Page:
Tuesday, July 29, 2008

Adrift on the Via Media

The Archbishop of Canterbury delivered his “second presidential address” to the Lambeth Conference today. The Lead has the full text. The address is, if nothing else, extremely Anglican. ++Rowan tries to speak to both sides and bring them together, but alas, while he did this beautifully at General Synod, I'm not sure he has done so here. He began by almost redefining what it means to take the via media:

The answer, I hope, is that we speak from the centre. I don’t mean speaking from the middle point between two extremes — that just creates another sort of political alignment. I mean that we should try to speak from the heart of our identity as Anglicans; and ultimately from that deepest centre which is our awareness of living in and as the Body of Christ.

He then valiantly tried to explain to the left what the right feels, and to the right what the left feels – although he called them the traditional and the not so traditional believers, rather than the left and the right. And here, I think, is where his address began to fall apart. In many ways, the inclusive liberal forces ARE the traditionalist forces. Many of Nigeria’s Anglicans are also Pentecostals who attend Anglican services in the morning and speak in tongues come evening. I have nothing against that, but let’s not suggest it’s traditional Anglicanism. What’s more, Ruth Gledhill had an article earlier this month suggesting that once upon a time, women may have been ordained. So please, don’t tell me, whose favorite hymn is “I Sing a Song of the Saints of God,” that I am not traditional. Additionally, one of the things he said we liberals might say was,

What we seek to do in our context is to bring Jesus alive in the minds and hearts of the people of our culture. Trying to speak the language of the culture and relate honestly to where people really are doesn’t have to be a betrayal of Scripture and tradition. We know we’re pushing the boundaries — but don’t some Christians always have to do that? Doesn’t the Bible itself suggest that?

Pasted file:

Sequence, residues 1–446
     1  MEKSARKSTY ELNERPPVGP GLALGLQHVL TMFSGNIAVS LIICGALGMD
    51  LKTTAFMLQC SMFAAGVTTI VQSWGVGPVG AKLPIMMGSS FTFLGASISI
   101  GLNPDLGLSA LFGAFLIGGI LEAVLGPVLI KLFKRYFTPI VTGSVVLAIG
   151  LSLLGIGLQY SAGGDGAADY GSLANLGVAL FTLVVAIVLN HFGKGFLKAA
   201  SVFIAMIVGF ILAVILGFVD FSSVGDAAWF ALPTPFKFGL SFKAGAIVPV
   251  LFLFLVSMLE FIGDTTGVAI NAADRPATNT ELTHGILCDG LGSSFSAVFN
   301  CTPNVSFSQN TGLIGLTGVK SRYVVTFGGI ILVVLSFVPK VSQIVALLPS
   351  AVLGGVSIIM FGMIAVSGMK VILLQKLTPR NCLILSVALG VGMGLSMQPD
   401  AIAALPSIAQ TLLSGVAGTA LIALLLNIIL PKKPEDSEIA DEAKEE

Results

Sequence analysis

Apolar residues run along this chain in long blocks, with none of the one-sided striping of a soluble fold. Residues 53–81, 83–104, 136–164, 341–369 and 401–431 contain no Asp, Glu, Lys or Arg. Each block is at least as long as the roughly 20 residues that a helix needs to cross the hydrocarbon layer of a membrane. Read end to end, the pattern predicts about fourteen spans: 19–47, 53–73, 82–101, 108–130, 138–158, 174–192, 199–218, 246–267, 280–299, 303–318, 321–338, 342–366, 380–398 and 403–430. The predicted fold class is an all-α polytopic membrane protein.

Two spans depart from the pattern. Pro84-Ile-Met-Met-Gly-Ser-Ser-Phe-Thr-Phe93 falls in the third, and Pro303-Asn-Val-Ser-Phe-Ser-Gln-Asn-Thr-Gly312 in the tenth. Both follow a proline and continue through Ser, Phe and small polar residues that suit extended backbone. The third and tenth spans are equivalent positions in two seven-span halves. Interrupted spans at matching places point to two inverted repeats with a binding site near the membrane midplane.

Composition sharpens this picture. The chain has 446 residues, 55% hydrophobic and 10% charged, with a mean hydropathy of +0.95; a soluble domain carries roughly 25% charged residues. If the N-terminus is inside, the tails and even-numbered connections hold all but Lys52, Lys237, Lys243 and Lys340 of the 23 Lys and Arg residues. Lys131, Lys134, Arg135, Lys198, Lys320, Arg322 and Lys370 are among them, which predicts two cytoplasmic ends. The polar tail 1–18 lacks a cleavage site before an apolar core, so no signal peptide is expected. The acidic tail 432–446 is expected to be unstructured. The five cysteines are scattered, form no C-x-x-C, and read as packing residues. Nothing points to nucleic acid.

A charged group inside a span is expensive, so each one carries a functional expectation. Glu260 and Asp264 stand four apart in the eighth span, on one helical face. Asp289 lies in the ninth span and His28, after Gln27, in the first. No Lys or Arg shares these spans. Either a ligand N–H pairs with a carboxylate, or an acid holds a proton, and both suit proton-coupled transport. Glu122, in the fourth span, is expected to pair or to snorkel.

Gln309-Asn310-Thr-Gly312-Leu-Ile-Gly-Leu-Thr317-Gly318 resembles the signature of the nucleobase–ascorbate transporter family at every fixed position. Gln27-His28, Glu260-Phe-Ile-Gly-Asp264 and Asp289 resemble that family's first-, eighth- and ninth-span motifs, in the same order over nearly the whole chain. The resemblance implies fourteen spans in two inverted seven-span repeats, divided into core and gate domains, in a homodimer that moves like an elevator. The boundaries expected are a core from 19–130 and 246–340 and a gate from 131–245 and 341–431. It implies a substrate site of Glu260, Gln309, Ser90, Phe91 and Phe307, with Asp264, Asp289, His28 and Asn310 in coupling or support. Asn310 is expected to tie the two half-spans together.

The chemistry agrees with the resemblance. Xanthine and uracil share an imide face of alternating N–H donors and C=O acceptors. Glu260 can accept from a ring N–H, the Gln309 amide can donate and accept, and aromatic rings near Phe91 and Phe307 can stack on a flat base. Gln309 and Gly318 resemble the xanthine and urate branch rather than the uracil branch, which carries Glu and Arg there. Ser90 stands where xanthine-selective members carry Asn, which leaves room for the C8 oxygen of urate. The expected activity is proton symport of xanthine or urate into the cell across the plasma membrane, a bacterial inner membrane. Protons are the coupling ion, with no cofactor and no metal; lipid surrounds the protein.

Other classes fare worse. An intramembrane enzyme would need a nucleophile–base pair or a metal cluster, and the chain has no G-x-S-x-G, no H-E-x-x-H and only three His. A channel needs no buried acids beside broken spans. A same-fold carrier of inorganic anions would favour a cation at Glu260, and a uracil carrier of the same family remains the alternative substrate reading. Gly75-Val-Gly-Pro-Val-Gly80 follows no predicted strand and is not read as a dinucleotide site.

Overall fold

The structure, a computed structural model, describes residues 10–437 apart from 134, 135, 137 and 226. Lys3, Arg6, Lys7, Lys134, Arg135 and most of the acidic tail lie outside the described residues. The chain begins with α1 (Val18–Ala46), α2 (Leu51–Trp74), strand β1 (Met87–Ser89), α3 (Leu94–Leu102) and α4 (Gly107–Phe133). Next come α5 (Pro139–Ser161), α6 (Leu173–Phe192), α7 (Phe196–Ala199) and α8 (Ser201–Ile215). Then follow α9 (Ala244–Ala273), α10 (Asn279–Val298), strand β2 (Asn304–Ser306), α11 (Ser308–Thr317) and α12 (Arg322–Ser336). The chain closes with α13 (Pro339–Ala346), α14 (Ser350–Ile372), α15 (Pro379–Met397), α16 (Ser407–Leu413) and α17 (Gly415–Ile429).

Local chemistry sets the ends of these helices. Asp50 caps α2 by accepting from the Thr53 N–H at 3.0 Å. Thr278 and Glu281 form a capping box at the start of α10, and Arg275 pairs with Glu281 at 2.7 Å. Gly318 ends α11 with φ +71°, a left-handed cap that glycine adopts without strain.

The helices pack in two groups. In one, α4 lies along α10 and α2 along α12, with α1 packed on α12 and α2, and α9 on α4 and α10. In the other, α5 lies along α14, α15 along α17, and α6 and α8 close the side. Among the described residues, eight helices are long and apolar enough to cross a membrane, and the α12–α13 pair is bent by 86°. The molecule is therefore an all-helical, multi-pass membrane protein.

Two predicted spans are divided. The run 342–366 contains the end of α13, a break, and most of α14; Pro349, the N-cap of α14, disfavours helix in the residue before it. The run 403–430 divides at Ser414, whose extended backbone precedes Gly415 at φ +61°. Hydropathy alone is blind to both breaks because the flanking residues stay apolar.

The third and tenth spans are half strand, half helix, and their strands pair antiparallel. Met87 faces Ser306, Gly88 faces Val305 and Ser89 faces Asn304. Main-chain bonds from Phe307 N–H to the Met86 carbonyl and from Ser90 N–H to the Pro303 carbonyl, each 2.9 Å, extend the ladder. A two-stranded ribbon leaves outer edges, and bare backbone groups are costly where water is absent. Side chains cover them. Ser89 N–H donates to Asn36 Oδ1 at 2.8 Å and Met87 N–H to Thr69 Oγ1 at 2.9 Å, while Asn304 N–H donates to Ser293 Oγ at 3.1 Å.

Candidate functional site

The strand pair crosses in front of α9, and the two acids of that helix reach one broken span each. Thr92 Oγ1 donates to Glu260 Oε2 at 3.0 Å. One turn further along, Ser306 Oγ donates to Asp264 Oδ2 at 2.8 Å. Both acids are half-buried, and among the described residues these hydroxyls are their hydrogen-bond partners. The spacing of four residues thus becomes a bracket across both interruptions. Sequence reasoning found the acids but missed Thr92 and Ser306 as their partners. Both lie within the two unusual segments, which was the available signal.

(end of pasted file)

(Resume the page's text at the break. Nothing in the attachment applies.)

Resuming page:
Well, sir, it all depends on what you mean by “boundaries.” I readily acknowledge that the ordination of women and gays pushes the boundaries of typical understandings of the Church, but I do not for a second believe it pushes the boundaries of the Gospel. It is fine, of course, for others to believe so, but it is not fine for ++Rowan to paint that as the position of the liberal forces. I deeply appreciate his attempt to show each side the other in a new light, but if one is going to represent each side to the other, one must represent them accurately. Such an attempt requires a full understanding of both sides, and perhaps the good Archbishop has shown us that that is not an understanding he holds. This could also explain why he keeps trying to acquiesce to the GAFCON forces, hoping to keep them in our tent even though they have shown, time and time again, that they will not compromise or accept anything less than full control of other provinces.

On another note, The Lead also has a powerful piece about a violence against women workshop that I might share with both my Idaho and New Hampshire rectors. And by most bishops’ accounts, it sounds like the Indaba groups are generally productive and the media reports of Conference quarrels are a bunch of horse hockey. My own bishop has said so, and Bishop Alan Wilson of Buckingham, England devoted a whole post to debunking specific stories in the British press. The doom and gloom of the press aside, bishop after bishop is writing that there is a feeling of understanding and dedication unfolding at Lambeth. This is most welcome news.

I do not know where the Anglican Communion is headed. A number of proposals are being “considered,” but none are likely to come to pass. Mark Harris at Preludium and James at The Three Legged Stool both have good roundups of that business. Harris says that “It's just a matter of time before something blows.” He may be right. My own thought is that the Communion will continue, without the GAFCON forces but with as strong an Anglican an identity as ever. The only question, I think, is how much damage will we do to ourselves trying to compromise with those who will not compromise before we finally learn, or they finally leave? When will the ABC realize he should reach out not to the Akinolas and Orombis, but to the conservatives actually at Lambeth, actually in conversation? But perhaps it matters not. I grew up Episcopalian, not Anglican, and Episcopalian I shall remain.

1 comment:

James said...

Same here, Nathan, I am an Episcopalian, not Anglican, and I'm happy with that. I am, however, hopelessly an Anglophile, though. The doctors can't seem to cure that. :)

Good post.